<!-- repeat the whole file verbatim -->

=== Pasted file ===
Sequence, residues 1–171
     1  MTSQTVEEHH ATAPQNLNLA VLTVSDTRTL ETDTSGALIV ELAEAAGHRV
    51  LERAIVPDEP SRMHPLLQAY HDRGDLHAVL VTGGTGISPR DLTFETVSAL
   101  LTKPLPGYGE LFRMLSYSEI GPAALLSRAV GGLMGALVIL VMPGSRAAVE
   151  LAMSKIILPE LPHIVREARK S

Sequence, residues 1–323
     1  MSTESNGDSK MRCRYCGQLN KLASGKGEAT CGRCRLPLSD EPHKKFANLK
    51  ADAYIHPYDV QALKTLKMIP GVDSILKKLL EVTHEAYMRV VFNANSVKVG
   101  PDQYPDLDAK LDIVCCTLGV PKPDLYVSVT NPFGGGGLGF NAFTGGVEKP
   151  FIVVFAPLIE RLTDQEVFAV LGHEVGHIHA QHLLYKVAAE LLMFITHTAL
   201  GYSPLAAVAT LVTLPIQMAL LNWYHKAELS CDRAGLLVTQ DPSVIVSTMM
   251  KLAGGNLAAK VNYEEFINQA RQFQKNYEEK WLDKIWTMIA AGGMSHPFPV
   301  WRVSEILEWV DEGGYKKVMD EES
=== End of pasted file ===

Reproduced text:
Sequence, residues 1–171
     1  MTSQTVEEHH ATAPQNLNLA VLTVSDTRTL ETDTSGALIV ELAEAAGHRV
    51  LERAIVPDEP SRMHPLLQAY HDRGDLHAVL VTGGTGISPR DLTFETVSAL
   101  LTKPLPGYGE LFRMLSYSEI GPAALLSRAV GGLMGALVIL VMPGSRAAVE
   151  LAMSKIILPE LPHIVREARK S

Sequence, residues 1–323
     1  MSTESNGDSK MRCRYCGQLN KLASGKGEAT CGRCRLPLSD EPHKKFANLK
    51  ADAYIHPYDV QALKTLKMIP GVDSILKKLL EVTHEAYMRV VFNANSVKVG
   101  PDQYPDLDAK LDIVCCTLGV PKPDLYVSVT NPFGGGGLGF NAFTGGVEKP
   151  FIVVFAPLIE RLTDQEVFAV LGHEVGHIHA QHLLYKVAAE LLMFITHTAL
   201  GYSPLAAVAT LVTLPIQMAL LNWYHKAELS CDRAGLLVTQ DPSVIVSTMM
   251  KLAGGNLAAK VNYEEFINQA RQFQKNYEEK WLDKIWTMIA AGGMSHPFPV
   301  WRVSEILEWV DEGGYKKVMD EES